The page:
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More Money Needed For Pensions

Illinois residents should be ready to pay an additional $886 million in general funds in the next fiscal year (which starts July 1st) towards pensions for state employees, teachers, staff at state universities, judges, and legislators. That’s the total change from this fiscal year (FY17) after the state pension systems[1] set their contribution amounts and the State Auditor (a firm hired by the Auditor General) reviewed them. The state contributions to the pension systems will total $8.9 billion in FY18 with approximately $7.9 billion coming out of the general revenue funds.

The state operates under a 1995 law requiring the pension systems to have assets at 90% of their projected liabilities in FY45. Currently, the state’s pension systems collectively only have assets for 37.6% of their liabilities.

When the state adopted the 1995 law, it back-loaded the payments with contributions dramatically increasing in FY12. The systems also adopted lower projected rates of returns on existing pension system assets in recent years. The result of the reduced rates is an increase in the unfunded liabilities of the systems and therefore a need to increase the required contribution amounts. Other revised demographic changes, such as mortality rates, have impacted the projected liability and estimated contribution amounts.


Historical Change in Investment Rate Assumptions
System Prior to FY 10 FY10 FY12 FY14 FY16
TRS 8.50% 8.50% 8.00% 7.50% 7.00%
SERS 8.50% 7.75% 7.75% 7.25% 7.00%
SURS 8.50% 7.75% 7.75% 7.25% 7.25%
JRS 8.00% 7.00% 7.00% 7.00% 6.75%
GARS 8.00% 7.00% 7.00% 7.00% 6.75%
Note: The years associated with investment rate assumption changes reflect the actuarial valuation year and not the fiscal year in which the State contribution was calculated using the new rate.
Source:  Commission on Government Forecasting and Accountability


The total unfunded liability for the pension systems (to get to the required FY45 level) stands at just under $130 million dollars. To put the FY18 general revenue funds contribution amount of $7.9 billion into perspective, the total General Revenue Funds operating budget in FY15 (the last time there was a complete state budget) totaled just over $31 billion. So, the contribution represents more than 25% of the last complete state budget. The state could change the existing law and stretch out the time frame for meeting 90% of system liabilities. However, that likely would mean setting aside even more money for pension system contributions.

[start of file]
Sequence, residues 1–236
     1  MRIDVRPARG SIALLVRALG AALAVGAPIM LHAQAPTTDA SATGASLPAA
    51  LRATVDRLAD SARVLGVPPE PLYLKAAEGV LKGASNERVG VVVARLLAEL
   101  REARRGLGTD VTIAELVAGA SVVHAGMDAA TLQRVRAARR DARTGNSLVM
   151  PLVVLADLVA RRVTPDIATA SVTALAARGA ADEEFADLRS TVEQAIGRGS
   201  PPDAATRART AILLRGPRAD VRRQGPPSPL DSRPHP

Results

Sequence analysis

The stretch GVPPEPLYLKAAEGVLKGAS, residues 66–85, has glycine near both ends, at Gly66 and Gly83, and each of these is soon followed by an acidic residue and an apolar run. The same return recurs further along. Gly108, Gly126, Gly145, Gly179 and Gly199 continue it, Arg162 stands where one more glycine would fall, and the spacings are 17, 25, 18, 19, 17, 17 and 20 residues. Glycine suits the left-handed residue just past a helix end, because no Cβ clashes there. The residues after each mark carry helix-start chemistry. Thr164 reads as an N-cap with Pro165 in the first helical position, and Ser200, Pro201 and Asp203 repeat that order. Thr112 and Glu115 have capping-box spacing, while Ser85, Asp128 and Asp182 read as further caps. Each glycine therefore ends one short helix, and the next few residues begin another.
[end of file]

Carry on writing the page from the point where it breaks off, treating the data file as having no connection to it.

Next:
The increased pension payments only add more pressure to the state’s finances which are already stressed by the failure of lawmakers to pass a complete state budget and expenditures that exceed incoming revenue by billions of dollars (resulting in the state currently having a backlog of bills totaling more than $11 billion). The result has been cuts to vital human services and higher education institutions with more cuts likely absent any further action.

The only viable solution is for the state to bring in new revenue. Without new revenue, the state is looking at deeper and deeper cuts that will undermine Illinois’s economy and quality of life.

[1] Teachers’ Retirement System, State University Retirement System, State Employees Retirement System, General Assembly Retirement System, and Judicial Retirement System

Nothing to See Here: Lawmakers Banked on (likely) Unconstitutional Pension Cuts, Averted Eyes to Coming Revenue Disaster

By passing a 2013 pension law that cut benefits for public workers and then refusing to act this spring to maintain current revenue levels, lawmakers put all the state’s eggs in a fragile basket. Now, after a Sangamon County Circuit Court judge ruled Friday that the 2013 law violates the State Constitution, the “savings” that lawmakers had banked on appear likely to vanish.

Though the State Supreme Court will almost certainly have the final word, most observers expect that the Court will affirm the Circuit Court’s ruling. If that happens, the counted-on $1.1 billion reduction in pension contributions for fiscal year 2016 will evaporate, along with lawmakers’ flimsy excuse not to maintain current income tax rates.